Exchange control regulations bar investors from using their credit or debit cards to buy crypto currencies from a foreign crypto currency exchange, but they are allowed to use these cards to buy crypto currencies from a South African exchange.
According to regulation 10(1)(c) of the Exchange Control Regulations, nobody can enter into any transaction where capital or any right to capital is directly or indirectly exported from the country, unless they have permission from the Treasury and in line with Treasury conditions.
The Currency and Exchanges Manual for Authorised Dealers (CEMAD), grants exemptions to the exchange control regulations for transactions that are allowed, without requiring specific authority from the Treasury and consequently, by delegation, the financial surveillance department of the South African Reserve Bank (Sarb).
Using debit or credit cards for foreign travel
According to section B.16(A) of CEMAD, all credit and debit cards including co-branded cards issued by authorised dealers, as licensed by American Express, Diners Club, MasterCard or Visa can be used outside the country subject to the provisions of subsections D and E and provided that all outward transactions are reported in terms of the reporting system.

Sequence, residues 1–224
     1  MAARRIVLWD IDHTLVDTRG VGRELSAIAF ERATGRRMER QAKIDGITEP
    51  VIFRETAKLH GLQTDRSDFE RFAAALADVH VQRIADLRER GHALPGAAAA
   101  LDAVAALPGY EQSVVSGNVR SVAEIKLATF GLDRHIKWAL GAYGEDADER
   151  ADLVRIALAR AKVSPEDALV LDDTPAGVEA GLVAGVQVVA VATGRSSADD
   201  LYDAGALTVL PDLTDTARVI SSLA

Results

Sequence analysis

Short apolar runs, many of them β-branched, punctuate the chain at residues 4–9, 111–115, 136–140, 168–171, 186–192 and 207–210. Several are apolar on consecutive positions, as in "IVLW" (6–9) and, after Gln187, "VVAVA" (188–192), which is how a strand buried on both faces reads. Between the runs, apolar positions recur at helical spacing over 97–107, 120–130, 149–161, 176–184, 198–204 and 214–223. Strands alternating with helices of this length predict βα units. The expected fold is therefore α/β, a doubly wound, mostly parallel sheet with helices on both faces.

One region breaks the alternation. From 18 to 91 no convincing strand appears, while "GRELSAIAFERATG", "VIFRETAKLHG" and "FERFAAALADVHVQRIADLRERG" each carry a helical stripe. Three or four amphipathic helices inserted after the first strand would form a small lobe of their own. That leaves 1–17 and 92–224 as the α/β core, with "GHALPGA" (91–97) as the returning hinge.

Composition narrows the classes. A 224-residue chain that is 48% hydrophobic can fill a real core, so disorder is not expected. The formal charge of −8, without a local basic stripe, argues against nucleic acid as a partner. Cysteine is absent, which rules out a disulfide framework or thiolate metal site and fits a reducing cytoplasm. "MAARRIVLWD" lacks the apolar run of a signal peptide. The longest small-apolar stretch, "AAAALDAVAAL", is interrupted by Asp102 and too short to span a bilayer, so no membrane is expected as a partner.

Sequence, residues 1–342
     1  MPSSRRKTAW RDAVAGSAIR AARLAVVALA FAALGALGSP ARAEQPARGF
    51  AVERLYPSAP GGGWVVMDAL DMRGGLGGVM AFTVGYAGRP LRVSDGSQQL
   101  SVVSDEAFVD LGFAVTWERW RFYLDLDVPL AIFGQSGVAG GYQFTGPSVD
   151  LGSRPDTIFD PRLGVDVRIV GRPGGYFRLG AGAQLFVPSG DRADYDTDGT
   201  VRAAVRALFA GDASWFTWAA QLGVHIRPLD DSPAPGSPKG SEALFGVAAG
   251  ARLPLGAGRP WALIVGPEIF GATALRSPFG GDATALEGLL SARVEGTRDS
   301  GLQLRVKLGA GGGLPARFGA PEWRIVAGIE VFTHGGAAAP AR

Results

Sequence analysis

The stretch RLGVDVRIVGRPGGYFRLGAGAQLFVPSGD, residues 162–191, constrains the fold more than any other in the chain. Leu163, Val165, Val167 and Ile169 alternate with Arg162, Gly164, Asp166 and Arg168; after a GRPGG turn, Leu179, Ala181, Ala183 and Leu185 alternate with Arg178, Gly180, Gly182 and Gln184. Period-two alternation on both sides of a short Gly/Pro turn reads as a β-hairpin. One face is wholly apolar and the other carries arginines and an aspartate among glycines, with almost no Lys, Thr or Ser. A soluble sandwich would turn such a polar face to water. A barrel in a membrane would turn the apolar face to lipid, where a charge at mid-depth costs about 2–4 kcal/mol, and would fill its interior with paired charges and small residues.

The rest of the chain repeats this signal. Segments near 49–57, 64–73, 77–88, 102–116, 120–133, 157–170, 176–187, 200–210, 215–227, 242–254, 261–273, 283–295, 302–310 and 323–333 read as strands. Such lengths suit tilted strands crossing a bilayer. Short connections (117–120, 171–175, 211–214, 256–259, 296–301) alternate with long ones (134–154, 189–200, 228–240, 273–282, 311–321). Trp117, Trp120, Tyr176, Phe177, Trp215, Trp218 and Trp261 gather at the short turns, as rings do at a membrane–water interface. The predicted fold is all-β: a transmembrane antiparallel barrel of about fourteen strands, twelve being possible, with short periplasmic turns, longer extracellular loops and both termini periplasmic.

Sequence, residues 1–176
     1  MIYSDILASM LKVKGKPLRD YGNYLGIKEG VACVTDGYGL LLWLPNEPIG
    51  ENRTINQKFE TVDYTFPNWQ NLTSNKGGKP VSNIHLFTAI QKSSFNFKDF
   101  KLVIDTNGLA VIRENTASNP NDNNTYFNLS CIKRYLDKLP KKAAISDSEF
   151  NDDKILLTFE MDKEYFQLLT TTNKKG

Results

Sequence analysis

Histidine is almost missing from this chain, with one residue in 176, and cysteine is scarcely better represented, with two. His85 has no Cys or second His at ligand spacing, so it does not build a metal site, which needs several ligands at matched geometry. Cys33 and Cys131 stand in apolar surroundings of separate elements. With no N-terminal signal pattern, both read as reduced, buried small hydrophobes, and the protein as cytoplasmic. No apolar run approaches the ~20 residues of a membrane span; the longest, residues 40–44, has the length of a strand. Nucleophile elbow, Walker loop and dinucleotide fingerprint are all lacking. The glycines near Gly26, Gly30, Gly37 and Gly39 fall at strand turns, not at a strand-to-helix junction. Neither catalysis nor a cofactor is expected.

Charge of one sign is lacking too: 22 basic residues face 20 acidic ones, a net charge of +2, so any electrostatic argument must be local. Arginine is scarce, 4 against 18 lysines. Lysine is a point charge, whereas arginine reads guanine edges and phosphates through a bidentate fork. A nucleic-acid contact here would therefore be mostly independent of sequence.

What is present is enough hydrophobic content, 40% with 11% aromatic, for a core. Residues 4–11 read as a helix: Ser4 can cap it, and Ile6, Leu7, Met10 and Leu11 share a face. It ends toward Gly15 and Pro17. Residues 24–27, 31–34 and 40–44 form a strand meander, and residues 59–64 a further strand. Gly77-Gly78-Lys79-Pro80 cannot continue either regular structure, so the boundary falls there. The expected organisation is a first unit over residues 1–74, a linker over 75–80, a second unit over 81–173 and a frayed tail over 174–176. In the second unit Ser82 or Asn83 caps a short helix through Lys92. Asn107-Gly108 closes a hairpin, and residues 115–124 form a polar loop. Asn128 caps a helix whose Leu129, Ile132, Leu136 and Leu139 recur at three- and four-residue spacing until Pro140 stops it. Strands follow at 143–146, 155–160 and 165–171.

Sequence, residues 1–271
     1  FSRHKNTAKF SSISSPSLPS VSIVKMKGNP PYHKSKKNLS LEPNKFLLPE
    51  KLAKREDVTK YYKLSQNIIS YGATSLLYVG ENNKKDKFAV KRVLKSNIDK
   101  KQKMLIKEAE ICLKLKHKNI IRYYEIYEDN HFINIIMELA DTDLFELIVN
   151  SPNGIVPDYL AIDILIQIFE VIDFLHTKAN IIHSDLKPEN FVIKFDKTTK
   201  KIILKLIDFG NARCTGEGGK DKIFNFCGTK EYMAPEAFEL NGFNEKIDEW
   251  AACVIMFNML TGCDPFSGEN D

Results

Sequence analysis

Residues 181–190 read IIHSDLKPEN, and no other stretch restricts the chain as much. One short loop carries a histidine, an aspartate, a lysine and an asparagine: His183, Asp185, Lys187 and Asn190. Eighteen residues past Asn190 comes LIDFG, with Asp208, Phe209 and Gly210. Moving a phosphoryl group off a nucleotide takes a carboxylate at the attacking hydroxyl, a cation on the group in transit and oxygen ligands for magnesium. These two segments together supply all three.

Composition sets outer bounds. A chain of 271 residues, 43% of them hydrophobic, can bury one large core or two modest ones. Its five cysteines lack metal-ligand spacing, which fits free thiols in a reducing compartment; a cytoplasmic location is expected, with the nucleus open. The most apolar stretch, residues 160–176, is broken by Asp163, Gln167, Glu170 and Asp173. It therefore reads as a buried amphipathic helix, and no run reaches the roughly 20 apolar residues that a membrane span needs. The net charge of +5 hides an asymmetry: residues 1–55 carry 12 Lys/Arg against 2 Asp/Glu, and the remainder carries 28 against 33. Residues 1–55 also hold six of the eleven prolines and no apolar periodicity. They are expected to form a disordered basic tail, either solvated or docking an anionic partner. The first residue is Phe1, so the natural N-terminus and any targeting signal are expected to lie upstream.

Section B.16(D)(i) of CEMAD gives South African residents the right to use up to 100% of their authorised discretionary allowance or the remaining balance when travelling overseas.
Using debit or credit cards for buying online
Section B.16(E)(i) of CEMAD states gives South African residents or entities the right to make permissible foreign currency payments for small transactions such as paying for goods online using your credit or debit card. However, according to Sarb, buying crypto assets from a foreign crypto asset exchange is not regarded as a payment for imports.
In terms of current exchange control policy, South African residents are not precluded from buying crypto assets from local crypto asset exchanges with their credit and/or debit cards in South African Rands because these transactions do not fall within the ambit of the Exchange Control Regulations.